Date of Award


Degree Type


Degree Name

Master of Science (MS)


Communicative Disorders and Deaf Education


Conversational alignment refers to the tendency for communication partners to adjust their verbal and non-verbal behaviors to become more like one another during the course of human interaction. This alignment phenomenon has been observed in neural patterns, specifically in the prefrontal areas of the brain (Holper et al., 2013; Cui et al., 2012; Dommer et al., 2012; Holper et al., 2012; Funane et al., 2011; Jiang et al., 2012); verbal behaviors such acoustic speech features (e.g., Borrie & Liss, 2014; Borrie et al., 2015; Lubold & Pon-Barry, 2014), phonological features (e.g., Babel, 2012; Pardo, 2006), lexical selection (e.g., Brennan & Clark, 1996; Garrod & Anderson, 1989), syntactic structure (e.g., Branigan, Pickering, & Cleland, 2000; Reitter, Moore, & Keller, 2006); and motor behaviors including body posture, facial expressions and breathing rate (e.g., Furuyama, Hayashi, & Mishima, 2005; Louwerse, Dale, Bard, & Jeuniaux, 2012; Richardson, March, & Schmit, 2005; Shockley, Santana, & Fowler, 2003; McFarland, 2001).

While conversational alignment in itself, is a largely physical phenomenon, it has been linked to significant functional value, both in the cognitive and social domains. Cognitively, conversational alignment facilitates spoken message comprehension, enabling listeners to share mental models (Garrod & Pickering, 2004) and generate temporal predictions about upcoming aspects of speech. From a social perspective, behavioral alignment has been linked with establishing turn-taking behaviors, and with increased feelings of rapport, empathy, and intimacy between conversational pairs (e.g., Lee et al. 2010; Nind, & Macrae, 2009; Smith, 2008; Bailenson & Yee, 2005; Chartrand & Barg, 1999; Miles, Putman & Street, 1984; Street & Giles, 1982). Benus (2014), for example, observed that individuals who align their speech features are perceived as more socially attractive and likeable, and have interactions that are more successful. These cognitive and social benefits, associated with conversational alignment, have been observed in both linguistic and neural data (e.g., Holper et al., 2012; 2013, Cui et al. 2012; Jiang et al., 2012; Egetemeir et al., 2011; Stephens et al. 2010).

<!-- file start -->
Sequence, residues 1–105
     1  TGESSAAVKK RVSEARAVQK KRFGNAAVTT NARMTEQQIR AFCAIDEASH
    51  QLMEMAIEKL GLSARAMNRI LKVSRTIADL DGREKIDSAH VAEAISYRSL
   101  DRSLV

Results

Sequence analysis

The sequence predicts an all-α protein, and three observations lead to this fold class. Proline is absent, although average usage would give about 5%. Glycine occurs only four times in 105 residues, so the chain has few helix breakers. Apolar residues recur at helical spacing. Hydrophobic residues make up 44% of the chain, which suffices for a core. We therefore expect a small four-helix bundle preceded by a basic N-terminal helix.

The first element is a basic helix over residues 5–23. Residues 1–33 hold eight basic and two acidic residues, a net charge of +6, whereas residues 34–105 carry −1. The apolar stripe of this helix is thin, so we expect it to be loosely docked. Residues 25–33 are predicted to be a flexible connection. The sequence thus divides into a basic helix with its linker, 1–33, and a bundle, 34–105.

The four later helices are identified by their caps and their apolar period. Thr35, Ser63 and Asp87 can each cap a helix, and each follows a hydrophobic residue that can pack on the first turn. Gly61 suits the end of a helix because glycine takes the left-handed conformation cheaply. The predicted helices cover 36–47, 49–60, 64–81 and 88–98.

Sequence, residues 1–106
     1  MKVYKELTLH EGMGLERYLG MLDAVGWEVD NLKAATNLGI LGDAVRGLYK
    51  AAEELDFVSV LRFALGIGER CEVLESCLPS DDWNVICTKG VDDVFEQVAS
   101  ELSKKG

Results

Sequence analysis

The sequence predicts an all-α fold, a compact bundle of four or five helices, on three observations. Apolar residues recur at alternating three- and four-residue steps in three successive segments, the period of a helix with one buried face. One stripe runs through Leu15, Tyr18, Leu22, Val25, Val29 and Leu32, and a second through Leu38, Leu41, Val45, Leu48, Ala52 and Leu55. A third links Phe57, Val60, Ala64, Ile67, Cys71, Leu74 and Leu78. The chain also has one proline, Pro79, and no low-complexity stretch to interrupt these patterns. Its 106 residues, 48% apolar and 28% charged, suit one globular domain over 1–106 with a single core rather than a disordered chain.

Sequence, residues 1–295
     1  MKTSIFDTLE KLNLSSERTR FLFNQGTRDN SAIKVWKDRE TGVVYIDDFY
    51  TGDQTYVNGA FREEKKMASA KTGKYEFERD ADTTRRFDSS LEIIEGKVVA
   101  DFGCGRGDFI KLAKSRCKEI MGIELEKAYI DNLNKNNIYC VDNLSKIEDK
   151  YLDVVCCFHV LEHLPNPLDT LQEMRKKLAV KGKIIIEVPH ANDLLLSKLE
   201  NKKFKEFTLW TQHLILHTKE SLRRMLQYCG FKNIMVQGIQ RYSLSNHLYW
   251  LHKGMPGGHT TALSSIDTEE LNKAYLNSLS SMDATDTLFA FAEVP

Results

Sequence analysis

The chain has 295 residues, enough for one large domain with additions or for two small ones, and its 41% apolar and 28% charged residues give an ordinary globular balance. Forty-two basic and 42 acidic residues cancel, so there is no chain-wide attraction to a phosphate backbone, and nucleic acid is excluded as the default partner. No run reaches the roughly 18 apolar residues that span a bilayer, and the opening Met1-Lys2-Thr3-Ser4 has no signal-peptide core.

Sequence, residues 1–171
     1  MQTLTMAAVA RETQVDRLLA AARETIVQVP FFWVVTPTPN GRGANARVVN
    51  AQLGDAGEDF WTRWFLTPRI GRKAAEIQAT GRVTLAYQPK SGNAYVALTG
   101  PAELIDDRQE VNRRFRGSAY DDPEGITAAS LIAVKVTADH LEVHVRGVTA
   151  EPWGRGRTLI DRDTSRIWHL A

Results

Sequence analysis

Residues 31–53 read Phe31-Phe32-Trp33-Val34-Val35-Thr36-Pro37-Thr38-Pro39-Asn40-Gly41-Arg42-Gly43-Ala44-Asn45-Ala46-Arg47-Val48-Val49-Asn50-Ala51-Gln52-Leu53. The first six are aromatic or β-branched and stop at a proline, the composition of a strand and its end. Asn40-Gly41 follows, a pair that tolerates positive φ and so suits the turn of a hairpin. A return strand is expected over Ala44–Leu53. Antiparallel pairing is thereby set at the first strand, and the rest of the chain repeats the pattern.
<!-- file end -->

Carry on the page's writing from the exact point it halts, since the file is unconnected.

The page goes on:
The purpose of the current study was to examine conversational alignment as a multi-level communication phenomenon, by examining the relationship between neural and speech behaviors. To assess neural alignment, we used Near-Infrared Spectroscopy (NIRS), a non-invasive neuroimaging technology that detects cortical increases and decreases in the concentration of oxygenated and deoxygenated hemoglobin at multiple measurement sites to determine the rate that oxygen is being released and absorbed (Ferrari & Quaresima, 2012). While still considered a relatively new neural imaging technique, NIRS has been well established as an efficacious and effective data collection approach, particularly appropriate for social interaction research (e.g., Holper et al., 2013; Jiang et al., 2012; Holper et al., 2012; Suda et al., 2010). We utilized hyperscanning, a technique that allows for the quantitation of two simultaneous signals, allowing us to document neural alignment between two individuals (Babiloni & Astolfi, 2012). Recent studies have revealed neural alignment between two persons in cooperative states, including alignment in the right superior frontal cortices and medial prefrontal regions (Cui et al., 2012; Dommer et al., 2012; Funane et al., 2011). This increased prefrontal interbrain alignment has also been observed in other social interactions, including joint attention tasks (Dommer et al., 2012), imitation tasks (Holper et al., 2012), competitive games (Cheng et al., 2015, Duan et al., 2013), teaching-learning interactions (Holper et al., 2013), face- to-face communication (Jiang et al., 2012), mother-child interactions (Hirata et al., 2014), and during cooperative singing tasks (Osaka et al., 2015). Interestingly, Jiang et al. (2012) showed that increased neural alignment only occurred between conversational participants when they were speaking face-to-face, but not when participants had their backs facing one another. The authors speculated that the multi-sensory information, for example motor behaviors such as gestures, was required for neural alignment to occur.